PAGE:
Representative Liz Cheney (R., Wy.) says she is “not going to rule anything in or out” when it comes to a potential 2024 presidential bid.
“Ever is a long time,” Cheney said in an interview with the New York Post that was published Monday.
Cheney, the third-ranking GOP lawmaker in the House and a vocal critic of former President Trump, also told the outlet that while she believes Republicans could take back the presidency in 2024, she thinks lawmakers who supported his effort to overturn the 2020 election results should be disqualified from running.
“I think we have a huge number of interesting candidates, but I think that we’re going to be a in good position to be able to take the White House,” she said.
“I do think that some of our candidates who led the charge, particularly the senators who led the unconstitutional charge, not to certify the election, you know, in my view that’s disqualifying,” said Cheney, the daughter of former vice president Dick Cheney.
Cheney was one of only ten House Republicans who voted to impeach Trump in January for “inciting an insurrection” after a mob of his supporters rioted at the U.S. Capitol on January 6 in an attempt to stop the congressional certification of President Biden’s election win.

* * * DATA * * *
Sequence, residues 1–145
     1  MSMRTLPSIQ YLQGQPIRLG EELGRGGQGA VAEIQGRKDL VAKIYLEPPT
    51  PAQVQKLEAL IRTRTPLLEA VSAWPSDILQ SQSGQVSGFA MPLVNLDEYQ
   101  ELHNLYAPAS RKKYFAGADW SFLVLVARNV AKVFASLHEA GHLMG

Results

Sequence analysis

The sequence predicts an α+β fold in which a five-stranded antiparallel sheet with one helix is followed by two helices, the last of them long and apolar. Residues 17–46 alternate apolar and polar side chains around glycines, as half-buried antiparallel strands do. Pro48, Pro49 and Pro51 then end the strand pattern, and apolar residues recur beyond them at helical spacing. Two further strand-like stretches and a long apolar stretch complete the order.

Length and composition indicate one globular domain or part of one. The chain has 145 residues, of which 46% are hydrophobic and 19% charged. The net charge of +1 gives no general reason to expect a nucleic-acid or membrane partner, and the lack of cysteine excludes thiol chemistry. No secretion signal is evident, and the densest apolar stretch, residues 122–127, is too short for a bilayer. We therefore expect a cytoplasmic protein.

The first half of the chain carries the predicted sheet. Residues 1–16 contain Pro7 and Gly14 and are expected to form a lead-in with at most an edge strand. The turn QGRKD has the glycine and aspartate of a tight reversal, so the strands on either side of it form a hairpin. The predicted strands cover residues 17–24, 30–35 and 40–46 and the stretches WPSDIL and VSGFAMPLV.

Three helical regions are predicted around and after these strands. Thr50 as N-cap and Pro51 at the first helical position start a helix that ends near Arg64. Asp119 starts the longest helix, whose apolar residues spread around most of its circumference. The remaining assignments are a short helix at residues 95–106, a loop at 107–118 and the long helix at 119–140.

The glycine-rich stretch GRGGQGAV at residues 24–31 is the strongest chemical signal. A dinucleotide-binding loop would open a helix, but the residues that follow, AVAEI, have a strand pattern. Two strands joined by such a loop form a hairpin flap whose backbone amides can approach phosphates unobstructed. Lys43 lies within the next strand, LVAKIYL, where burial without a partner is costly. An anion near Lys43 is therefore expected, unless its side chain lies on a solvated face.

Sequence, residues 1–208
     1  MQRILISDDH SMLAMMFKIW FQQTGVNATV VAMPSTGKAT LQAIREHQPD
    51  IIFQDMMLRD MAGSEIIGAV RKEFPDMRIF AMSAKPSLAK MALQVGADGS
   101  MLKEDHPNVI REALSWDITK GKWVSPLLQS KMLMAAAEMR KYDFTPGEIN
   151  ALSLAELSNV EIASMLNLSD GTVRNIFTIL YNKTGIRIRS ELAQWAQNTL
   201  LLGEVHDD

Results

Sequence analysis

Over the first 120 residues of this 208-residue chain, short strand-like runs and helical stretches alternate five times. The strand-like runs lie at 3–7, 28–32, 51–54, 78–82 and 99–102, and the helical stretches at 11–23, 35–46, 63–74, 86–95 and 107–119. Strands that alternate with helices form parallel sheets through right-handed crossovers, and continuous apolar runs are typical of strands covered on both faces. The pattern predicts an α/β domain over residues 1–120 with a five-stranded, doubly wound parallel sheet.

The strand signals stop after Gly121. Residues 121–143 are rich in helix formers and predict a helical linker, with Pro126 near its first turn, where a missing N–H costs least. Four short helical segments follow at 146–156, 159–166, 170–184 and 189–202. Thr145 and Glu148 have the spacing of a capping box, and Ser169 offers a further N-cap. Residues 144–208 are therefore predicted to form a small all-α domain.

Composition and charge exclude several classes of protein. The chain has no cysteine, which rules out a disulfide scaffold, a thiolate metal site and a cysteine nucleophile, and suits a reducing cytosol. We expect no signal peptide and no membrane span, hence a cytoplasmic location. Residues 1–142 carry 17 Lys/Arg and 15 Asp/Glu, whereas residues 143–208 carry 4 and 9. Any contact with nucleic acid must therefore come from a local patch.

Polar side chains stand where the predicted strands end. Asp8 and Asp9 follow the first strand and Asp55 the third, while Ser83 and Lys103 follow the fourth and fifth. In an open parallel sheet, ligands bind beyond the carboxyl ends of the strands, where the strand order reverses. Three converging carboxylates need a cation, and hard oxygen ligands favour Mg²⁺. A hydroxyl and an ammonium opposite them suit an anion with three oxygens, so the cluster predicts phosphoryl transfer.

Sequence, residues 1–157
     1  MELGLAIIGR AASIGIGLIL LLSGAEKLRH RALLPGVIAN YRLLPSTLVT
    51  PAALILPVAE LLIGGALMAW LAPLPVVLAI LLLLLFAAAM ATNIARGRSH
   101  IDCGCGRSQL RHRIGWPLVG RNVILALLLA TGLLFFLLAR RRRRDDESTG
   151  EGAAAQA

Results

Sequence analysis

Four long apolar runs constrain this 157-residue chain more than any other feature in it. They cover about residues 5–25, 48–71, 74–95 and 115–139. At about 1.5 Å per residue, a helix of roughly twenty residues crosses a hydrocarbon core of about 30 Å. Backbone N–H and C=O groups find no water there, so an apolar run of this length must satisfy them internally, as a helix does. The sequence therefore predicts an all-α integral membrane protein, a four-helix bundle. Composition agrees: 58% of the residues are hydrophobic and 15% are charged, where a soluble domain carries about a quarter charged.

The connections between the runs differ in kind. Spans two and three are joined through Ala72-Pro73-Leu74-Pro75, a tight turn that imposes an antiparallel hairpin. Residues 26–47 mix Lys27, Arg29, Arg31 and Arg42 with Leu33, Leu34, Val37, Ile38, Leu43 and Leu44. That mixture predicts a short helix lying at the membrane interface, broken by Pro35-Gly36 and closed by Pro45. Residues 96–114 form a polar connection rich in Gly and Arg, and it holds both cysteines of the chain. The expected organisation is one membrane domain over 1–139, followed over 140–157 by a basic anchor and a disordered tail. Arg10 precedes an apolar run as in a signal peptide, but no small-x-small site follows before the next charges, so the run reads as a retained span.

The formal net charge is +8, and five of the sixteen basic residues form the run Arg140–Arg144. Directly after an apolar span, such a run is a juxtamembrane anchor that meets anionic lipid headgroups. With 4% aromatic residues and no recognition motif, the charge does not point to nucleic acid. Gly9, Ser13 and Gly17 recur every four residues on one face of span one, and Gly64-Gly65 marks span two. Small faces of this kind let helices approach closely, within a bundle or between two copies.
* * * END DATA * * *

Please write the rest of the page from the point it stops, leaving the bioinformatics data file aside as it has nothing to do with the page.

After her vote to impeach, Trump allies in the House sought to remove her from her role as House Republican Conference Chair, though the effort was ultimately unsuccessful.
However, attacks from Trump and his allies do not seem to have wounded Cheney, who reported a record $1.54 million in donations to her 2022 re-election campaign from January to March, the first quarter of fundraising.
While Trump still has a loyal following among Republican voters — a survey by Echelon Insights last month showed 60 percent of Republican respondents would “definitely” or “probably” back the former president in a GOP primary if it were held today — on Monday, Cheney noted that the party is headed by Senate minority leader Mitch McConnell and House minority leader Kevin McCarthy, not the former president.
“I think as we look at ’22 and ’24. we’re very much going be focused on substance and on the issues, and I think that’s where we’ve got to attract back to the voters that we lost in 2020 by conveying to them that . . . we are the party that they can trust. We’re the party of competence and of conservative principle,” she said.
Cheney joins a growing pool of potential 2024 GOP candidates, which includes Trump, former U.S. Ambassador to the United Nations Nikki Haley, former Secretary of State Mike Pompeo, Florida governor Ron DeSantis, South Dakota governor Kristi Noem, and Senators Marco Rubio (Fla.), Rick Scott (Fla.) and Tom Cotton (Ark.).
In the Echelon Insights poll, 17 percent of Republican respondents said they would vote for DeSantis in 2024 if Trump does not run, while former Vice President Mike Pence received support from 16 percent of respondents.